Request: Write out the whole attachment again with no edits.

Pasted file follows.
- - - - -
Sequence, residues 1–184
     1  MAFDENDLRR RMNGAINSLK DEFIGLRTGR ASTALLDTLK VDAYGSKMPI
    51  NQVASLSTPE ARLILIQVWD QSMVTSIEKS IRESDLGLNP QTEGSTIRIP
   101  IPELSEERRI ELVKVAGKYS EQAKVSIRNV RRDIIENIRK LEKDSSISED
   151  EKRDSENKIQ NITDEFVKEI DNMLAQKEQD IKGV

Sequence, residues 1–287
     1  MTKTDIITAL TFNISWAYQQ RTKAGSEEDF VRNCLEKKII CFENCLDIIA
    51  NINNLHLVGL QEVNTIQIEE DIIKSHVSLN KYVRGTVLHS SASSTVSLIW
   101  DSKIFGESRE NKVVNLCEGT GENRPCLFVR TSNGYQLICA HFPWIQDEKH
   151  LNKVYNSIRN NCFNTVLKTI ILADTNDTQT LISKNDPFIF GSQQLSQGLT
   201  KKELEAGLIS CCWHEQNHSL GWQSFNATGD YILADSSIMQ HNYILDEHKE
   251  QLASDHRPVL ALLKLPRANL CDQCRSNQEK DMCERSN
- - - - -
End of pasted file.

Sequence, residues 1–184
     1  MAFDENDLRR RMNGAINSLK DEFIGLRTGR ASTALLDTLK VDAYGSKMPI
    51  NQVASLSTPE ARLILIQVWD QSMVTSIEKS IRESDLGLNP QTEGSTIRIP
   101  IPELSEERRI ELVKVAGKYS EQAKVSIRNV RRDIIENIRK LEKDSSISED
   151  EKRDSENKIQ NITDEFVKEI DNMLAQKEQD IKGV

Sequence, residues 1–287
     1  MTKTDIITAL TFNISWAYQQ RTKAGSEEDF VRNCLEKKII CFENCLDIIA
    51  NINNLHLVGL QEVNTIQIEE DIIKSHVSLN KYVRGTVLHS SASSTVSLIW
   101  DSKIFGESRE NKVVNLCEGT GENRPCLFVR TSNGYQLICA HFPWIQDEKH
   151  LNKVYNSIRN NCFNTVLKTI ILADTNDTQT LISKNDPFIF GSQQLSQGLT
   201  KKELEAGLIS CCWHEQNHSL GWQSFNATGD YILADSSIMQ HNYILDEHKE
   251  QLASDHRPVL ALLKLPRANL CDQCRSNQEK DMCERSN